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Pittsfield Township Police Lawsuit Raised to $50M

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Date19 Feb 2020
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Comment0
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Pittsfield Township Police Lawsuit Raised to $50M

A $30 million wrongful death lawsuit against the Pittsfield Township Police Department for their connection to a fatal drunk driving crash has now increased to $100 million.

On Dec. 30. 2017, Lake Jacobson was killed in a drunk driving accident on a Pittsfield Township road. Desten Houge, the driver who hit her, died at the scene of the accident.

In October 2018, Mark Jacobson, the husband of Lake Jacobson, filed a lawsuit against the Pittsfield Township Police Department and Sakstrup Towing Inc., accusing them of negligently allowing Houge to drive away from a crash an hour prior along the same road.

“When defendants (the officers and tow truck driver) encountered super-drunk Houge, he had effectively been neutralized. He had lost control and driven his vehicle into a ditch rendering it inoperable. Defendants took a neutralized risk and resurrected it,” Jacobson’s attorneys wrote in the lawsuit.

Dashboard camera videos showed Houge saying, “I can’t explain this s**t,” at the first crash, falling once in the snow and being helped up by an officer.

Houge wasn’t given a sobriety test.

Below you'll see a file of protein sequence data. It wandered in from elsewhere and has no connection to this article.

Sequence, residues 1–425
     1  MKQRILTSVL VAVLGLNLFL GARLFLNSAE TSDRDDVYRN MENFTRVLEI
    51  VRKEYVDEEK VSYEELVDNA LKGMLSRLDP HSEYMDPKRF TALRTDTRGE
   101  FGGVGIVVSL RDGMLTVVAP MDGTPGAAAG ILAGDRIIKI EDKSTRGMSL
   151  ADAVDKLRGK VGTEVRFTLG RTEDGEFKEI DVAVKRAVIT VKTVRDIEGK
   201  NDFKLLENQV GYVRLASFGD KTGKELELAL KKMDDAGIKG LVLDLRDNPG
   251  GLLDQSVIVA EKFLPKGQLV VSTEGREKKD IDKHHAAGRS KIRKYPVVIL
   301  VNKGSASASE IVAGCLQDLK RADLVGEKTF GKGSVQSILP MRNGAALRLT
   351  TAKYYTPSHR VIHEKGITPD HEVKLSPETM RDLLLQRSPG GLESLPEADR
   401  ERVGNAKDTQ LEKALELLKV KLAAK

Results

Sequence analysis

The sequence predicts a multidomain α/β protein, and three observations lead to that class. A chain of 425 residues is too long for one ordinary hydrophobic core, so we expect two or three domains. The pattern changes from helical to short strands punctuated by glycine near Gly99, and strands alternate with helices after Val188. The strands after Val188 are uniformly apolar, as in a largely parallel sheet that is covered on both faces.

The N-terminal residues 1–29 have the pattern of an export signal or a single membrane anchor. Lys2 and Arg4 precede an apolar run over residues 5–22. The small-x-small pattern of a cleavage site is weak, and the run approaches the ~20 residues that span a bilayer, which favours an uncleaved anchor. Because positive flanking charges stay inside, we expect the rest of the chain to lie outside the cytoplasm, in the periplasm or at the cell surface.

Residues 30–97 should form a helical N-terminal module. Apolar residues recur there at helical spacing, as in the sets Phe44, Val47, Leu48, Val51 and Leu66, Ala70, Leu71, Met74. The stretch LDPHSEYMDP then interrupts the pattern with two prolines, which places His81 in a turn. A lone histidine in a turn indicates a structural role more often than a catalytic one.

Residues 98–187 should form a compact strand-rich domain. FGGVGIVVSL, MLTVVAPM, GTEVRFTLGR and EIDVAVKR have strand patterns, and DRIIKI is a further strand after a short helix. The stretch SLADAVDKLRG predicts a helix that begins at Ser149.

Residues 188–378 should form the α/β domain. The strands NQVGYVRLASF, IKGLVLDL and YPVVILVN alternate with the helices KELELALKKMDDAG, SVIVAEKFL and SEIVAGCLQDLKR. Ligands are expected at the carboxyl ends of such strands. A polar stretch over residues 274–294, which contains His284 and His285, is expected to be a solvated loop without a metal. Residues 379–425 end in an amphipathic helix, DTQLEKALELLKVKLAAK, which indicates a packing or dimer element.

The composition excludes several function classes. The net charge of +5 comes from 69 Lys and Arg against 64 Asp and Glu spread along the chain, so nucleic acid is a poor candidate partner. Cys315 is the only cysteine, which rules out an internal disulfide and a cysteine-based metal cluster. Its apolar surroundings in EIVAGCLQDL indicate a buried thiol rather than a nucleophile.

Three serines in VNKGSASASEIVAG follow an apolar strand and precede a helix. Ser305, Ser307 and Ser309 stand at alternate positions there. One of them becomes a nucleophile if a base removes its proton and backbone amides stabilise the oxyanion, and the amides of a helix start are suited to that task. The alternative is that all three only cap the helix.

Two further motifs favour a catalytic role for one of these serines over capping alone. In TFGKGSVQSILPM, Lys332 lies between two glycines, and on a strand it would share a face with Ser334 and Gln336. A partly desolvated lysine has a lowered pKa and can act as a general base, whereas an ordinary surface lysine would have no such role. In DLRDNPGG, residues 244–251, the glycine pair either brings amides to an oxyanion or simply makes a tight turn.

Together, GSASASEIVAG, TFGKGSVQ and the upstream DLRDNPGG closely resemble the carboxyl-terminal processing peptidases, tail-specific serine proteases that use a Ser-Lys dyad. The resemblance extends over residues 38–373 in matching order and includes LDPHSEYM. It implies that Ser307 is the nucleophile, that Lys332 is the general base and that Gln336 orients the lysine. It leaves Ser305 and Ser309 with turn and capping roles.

Houge’s vehicle had functional damage after the previous crash and he had a blood alcohol level of .24 and THC, a component of marijuana, in his system at the time of the fatal crash.

On Feb. 13, Washtenaw County Trial Court Judgem Timothy Connors, denied the officer’s and towing company’s attorneys’ motion for summary disposition to end the case and allowed an amended complaint from Jacobson’s attorneys, increasing the lawsuit to $100 million.

“Information obtained through discovery in the case created a more profound sense of loss for the family,” Stephen Goethel, one of the Jacobsons’ attorneys, said.

Goethel said that officers left the scene before Houge’s vehicle was pulled from the ditch.

The trial for the case is postponed as it is set to be submitted to the Michigan Court of Appeals by the officers’ attorneys asking for clarity in the state’s public duty doctrine.

The doctrine protects officers from negligence lawsuits for failure to provide police protection unless a person makes it clear that a special relationship exists between the officer and the person.

 

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